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Kukui Grove Center goes hands-on for World Oceans Day

LIHU‘E — With World Oceans Day celebrated today, Kukui Grove Center went with the marine theme in many of its planned activities for everyone in the family last weekend.

“The Princeville Public Library got wiped out early,” said Jean Souza, program specialist for the Hawaiian Islands Humpback Whale National Marine Sanctuary and coordinator for the grab-and-go ocean learning kits, talking about how long the kits did not last on the North Shore.

They started distributing from 9 a.m., and everything was gone within the hour. We’ve got Heather Ylitalo-Ward, the state’s marine biologist with the Division of Aquatic Resources taking the lead here at Kukui Grove. After we reach 1 o’ clock, we’re moving the kits over to the Deja Vu Surf Hawai‘i.”

The grab-and-go kits focused on sea turtles, primarily the green sea turtle, or honu, and the more-endangered hawksbill turtle, or honu‘ea, found in Hawaiian waters, which are all nesting this time of the year.

The free learning kits were offered through a collaborative effort between the National Oceanic and Atmospheric Administration Fisheries, the state Department of Land and Natural Resources’ DAR, the Kilauea Point National Wildlife Refuge, and the Hawaiian Islands Humpback Whale National Marine Sanctuary, and hold a variety of materials, including a 30-page sea-turtle coloring book rendered in Hawaiian and English languages, activity sheets on making turtle models and origami turtles, and brochures on sea turtles.

Kat Bengston, the librarian from the Princeville Public Library, joined Mindy Gipson from the Hanapepe Public Library in jumping on the “Tales and Tails” aspect of the state library system’s summer reading program to enlist readers, including teens and adults, to this year’s program that started June 1 and continues through July 31.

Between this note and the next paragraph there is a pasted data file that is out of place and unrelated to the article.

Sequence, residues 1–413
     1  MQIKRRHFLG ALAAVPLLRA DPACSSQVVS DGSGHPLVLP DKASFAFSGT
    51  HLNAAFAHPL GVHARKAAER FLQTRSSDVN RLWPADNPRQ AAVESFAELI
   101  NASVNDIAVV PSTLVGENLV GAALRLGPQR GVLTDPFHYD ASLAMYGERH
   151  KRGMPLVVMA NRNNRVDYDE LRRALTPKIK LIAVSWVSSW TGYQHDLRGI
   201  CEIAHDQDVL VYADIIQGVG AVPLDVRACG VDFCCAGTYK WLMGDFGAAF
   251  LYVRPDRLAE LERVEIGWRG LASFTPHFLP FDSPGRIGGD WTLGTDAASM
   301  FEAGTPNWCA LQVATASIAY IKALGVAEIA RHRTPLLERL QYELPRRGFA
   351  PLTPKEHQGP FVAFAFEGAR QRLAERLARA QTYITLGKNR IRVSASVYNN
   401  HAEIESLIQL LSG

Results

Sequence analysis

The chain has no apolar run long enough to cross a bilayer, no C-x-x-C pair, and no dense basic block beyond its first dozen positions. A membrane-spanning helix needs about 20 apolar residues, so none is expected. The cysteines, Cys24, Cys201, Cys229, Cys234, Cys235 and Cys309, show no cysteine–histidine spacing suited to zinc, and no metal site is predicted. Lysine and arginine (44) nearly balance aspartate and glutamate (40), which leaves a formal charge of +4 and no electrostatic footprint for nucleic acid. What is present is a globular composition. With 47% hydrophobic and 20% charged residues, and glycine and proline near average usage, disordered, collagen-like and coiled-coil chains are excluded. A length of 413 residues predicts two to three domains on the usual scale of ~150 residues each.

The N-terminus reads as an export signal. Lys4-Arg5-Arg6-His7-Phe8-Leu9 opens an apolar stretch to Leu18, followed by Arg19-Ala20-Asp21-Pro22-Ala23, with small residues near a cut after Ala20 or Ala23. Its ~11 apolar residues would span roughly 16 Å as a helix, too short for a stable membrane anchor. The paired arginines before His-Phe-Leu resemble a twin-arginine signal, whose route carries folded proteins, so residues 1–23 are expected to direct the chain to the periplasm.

For more information, see, or visit the local library.

Co-sponsored by the Surfrider Foundation Kaua‘i, the McUrchin rose over the trio providing jazz Friday during the opening of the Kaua‘i Society of Artists Washed Up Marine Debris Art Show 2021 that enjoyed an overflow opening reception at the KSA gallery in KGC, where artist Siobhan Thielan was ecstatic to see the red dot symbolizing the sale of her piece, “Domino Effect.”

The popular exhibit featuring local artists producing high-quality work from marine debris is enjoying its third year, and is open daily until July 2. Hours are from noon to 6 p.m. daily, and Friday to 7 p.m.

Jarrin Shigemura of Spectrum had a lot of beach kits, including a bucket and assortment of sand tools, some sunglasses and more to distribute to people enjoying the grand opening of the Keiki Korner play area that is now sponsored by Spectrum and open during the shopping center’s normal hours after being off limits for more than a year due to the pandemic restrictions.

“We brought the Baby Shark in just for this,” Shigemura said. “The play area is filled with marine creatures like the honu and other marine things, so the Baby Shark fits in well.”

Brenda Turville Biehler of Showtime Characters said she pulled the Baby Shark out of storage for the weekend’s event.

“Baby Shark went out only once, and then the COVID-19 struck,” Biehler said. “I have some other marine characters that match the Keiki Korner, like Sebastian. But I want a Nemo, some other fish, and I really want a honu. I don’t know if they can make one.”

Melissa McFerrin-Warrack of KGC said she liked the idea of everything being hands-on, considering that with World Oceans Day today, it’ll be the second year the event goes virtual on the role oceans have in everyday life.


Dennis Fujimoto, staff writer and photographer, can be reached at 245-0453 or
Source: The Garden Island

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